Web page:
CHEMICAL PROFILES|Human Health Hazards

Chemical: DIAZINON
CAS Number: 333-41-5
The Indiana Clean Manufacturing Technology and Safe Materials Institute at Purdue University has developed a hazard evaluation system for chemicals that produces separate rankings for ecological effects and occupational health effects, as well as a total hazard score that integrates both types of hazards. This system, the Indiana Relative Chemical Hazard Ranking System (formerly known as 3P2M), combines information about a chemical's toxicity to humans and ecosystems with information about chemical characteristics that influence the likelihood of exposure to a substance.

IRCH environmental hazard value scores indicate how a chemical compares with others in terms of its capacity to impact human health, ecosystems, or environmental health generally. The scores combine the UTN total hazard value scores with air, land, and global hazard values that are based on the presence of a chemical on several regulatory and target lists. The graphic shows where a compound's hazard score falls relative to all chemicals that have been ranked using this system, indicating whether it is more or less hazardous than most chemicals. Chemicals that score at the far right end of the scale are significantly more hazardous (in the worst 10% of all chemicals according to this scoring system).

All chemicals scored by a system have been placed in "bins" defined by percentiles (e.g., a chemical's score is in the least toxic 25% of chemicals scored by a system). The graphic illustrates which bin a chemical falls in according to each scoring system in Scorecard. Looking across these different systems, it is possible to identify chemicals that consistently score as high or low hazards, as well as chemicals that score high on some measures (such as human health hazards) but low on others (such as ecological hazards).

The IRCH environmental hazard scores are based on toxicity and persistence considerations. Since persistence can be a useful surrogate for exposure potential, these scores provide an improved indicator of the potential environmental health impacts of environmental releases. Moreover, Because the IRCH environmental scores include the UTN total hazard value scores, not the UTN (aquatic) ecological efects scores, they also include measures of human health impacts. This makes them more like general environmental health indicators than purely ecological indicators.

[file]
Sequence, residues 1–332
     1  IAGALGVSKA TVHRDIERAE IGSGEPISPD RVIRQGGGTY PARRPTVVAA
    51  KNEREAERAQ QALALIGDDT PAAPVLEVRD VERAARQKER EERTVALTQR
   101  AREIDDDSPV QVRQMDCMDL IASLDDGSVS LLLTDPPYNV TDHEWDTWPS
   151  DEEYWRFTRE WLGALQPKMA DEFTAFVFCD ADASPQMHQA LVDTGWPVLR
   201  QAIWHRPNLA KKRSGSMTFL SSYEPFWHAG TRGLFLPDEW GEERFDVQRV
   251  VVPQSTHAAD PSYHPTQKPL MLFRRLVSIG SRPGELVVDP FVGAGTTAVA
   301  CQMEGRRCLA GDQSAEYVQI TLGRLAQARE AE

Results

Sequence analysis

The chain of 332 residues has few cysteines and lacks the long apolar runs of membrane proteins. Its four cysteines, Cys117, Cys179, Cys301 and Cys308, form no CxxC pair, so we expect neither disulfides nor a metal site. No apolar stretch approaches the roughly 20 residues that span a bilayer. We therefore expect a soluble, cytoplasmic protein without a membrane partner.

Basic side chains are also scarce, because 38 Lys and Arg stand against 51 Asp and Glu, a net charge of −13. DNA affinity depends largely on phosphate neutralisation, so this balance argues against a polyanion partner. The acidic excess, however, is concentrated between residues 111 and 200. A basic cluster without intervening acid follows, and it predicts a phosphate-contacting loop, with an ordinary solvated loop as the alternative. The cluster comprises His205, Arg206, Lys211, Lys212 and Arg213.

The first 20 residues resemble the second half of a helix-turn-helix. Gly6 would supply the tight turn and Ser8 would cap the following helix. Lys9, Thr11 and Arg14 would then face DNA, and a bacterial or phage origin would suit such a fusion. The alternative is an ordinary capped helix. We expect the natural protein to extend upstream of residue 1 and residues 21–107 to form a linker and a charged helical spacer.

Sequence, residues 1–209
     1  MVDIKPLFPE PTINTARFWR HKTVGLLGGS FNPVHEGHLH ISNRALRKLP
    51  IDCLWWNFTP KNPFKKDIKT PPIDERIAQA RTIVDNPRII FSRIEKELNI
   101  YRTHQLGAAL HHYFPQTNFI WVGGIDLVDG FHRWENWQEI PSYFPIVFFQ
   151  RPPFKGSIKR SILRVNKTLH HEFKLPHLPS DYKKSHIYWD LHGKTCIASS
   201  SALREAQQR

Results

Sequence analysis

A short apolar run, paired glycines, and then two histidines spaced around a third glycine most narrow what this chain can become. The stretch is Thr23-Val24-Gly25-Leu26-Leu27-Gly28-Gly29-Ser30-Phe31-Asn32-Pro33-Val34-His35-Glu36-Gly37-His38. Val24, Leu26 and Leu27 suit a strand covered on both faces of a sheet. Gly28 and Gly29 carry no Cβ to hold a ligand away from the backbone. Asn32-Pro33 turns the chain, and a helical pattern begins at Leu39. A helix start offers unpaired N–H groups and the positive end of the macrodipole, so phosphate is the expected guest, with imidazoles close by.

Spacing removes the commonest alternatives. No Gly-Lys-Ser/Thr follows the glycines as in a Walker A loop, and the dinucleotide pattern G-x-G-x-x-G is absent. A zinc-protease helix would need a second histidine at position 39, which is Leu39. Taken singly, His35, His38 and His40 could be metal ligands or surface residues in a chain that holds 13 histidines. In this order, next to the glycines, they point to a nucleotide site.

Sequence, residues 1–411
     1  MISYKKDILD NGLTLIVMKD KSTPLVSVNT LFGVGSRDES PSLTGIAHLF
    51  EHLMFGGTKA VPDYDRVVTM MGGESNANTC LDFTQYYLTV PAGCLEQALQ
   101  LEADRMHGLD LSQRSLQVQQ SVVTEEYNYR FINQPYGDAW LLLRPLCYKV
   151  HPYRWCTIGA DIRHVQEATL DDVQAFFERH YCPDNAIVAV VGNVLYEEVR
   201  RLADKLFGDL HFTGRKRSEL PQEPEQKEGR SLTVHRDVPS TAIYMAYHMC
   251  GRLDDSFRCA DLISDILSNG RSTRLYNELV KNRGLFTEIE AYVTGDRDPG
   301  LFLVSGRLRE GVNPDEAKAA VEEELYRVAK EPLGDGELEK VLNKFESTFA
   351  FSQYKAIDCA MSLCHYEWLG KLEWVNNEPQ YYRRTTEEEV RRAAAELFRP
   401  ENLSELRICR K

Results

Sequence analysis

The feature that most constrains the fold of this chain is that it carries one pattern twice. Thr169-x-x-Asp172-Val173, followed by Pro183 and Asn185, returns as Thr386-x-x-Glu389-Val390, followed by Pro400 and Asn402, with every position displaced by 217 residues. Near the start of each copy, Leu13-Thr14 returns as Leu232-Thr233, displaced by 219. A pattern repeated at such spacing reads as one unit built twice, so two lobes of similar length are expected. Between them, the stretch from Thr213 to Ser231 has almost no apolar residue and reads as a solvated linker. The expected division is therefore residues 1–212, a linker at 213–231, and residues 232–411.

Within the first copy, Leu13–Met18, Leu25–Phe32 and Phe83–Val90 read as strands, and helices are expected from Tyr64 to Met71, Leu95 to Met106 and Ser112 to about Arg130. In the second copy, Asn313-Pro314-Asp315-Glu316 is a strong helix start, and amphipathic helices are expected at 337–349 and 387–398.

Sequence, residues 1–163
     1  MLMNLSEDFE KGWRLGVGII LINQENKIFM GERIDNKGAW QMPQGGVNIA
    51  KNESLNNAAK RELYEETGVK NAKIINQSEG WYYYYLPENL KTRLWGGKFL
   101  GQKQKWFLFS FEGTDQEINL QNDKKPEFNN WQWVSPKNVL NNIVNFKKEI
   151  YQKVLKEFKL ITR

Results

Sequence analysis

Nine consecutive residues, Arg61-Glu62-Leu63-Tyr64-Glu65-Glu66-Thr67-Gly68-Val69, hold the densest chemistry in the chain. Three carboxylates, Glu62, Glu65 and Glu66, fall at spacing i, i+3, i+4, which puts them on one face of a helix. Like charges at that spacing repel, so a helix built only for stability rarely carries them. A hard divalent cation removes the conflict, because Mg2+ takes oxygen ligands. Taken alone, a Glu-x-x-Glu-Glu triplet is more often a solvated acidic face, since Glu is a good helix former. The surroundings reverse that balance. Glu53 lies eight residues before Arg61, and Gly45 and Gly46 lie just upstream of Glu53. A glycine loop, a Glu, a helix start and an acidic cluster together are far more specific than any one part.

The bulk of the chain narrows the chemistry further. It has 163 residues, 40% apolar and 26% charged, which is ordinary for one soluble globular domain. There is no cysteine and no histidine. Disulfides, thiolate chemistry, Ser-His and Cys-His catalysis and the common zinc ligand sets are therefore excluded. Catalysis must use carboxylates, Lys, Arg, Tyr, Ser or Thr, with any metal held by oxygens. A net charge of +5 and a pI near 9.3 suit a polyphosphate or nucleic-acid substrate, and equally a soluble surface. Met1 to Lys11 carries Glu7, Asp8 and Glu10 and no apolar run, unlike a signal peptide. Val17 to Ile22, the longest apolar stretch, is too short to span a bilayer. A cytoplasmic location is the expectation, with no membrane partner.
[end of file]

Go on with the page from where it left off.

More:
Environmental Hazard Value Score (IRCH) = 78

The IRCH system assigns hazard scores between 0 and 100 based on the following algorithm:

Environmental Hazard = HVwater+ HVair + HVland + HVglobal

The IRCH system is an improvement over other ranking systems because it considers ecological impacts in water, air, and land. In contrast, the UTN system, for example, only considers aquatic ecosystem effects.

Several policy choices influence the rankings that result from use of this algorithm. First, it is possible to give equal or different weights to hazard values for the various endpoints within an effect category (e.g., to give double weight to compounds that harm aquatic life). Second, some method of assigning hazard values to parameters that lack data is required (e.g., to treat the absence of data as indicating the absence of hazard, or to penalize data gaps). IRCH uses several alternative chemical rankings based on different versions of these policy choices.

EDF was unable to extend the IRCH system to additional chemicals because the Scorecard lacks some of data elements that are required by this system.

IRCH: IIndiana Relative Chemical Hazard Score. Indiana Clean Manufacturing Technology and Safe Materials Institute.
Values from Indiana Relative Chemical Hazard Score - CAS Order (Updated 5/22/02)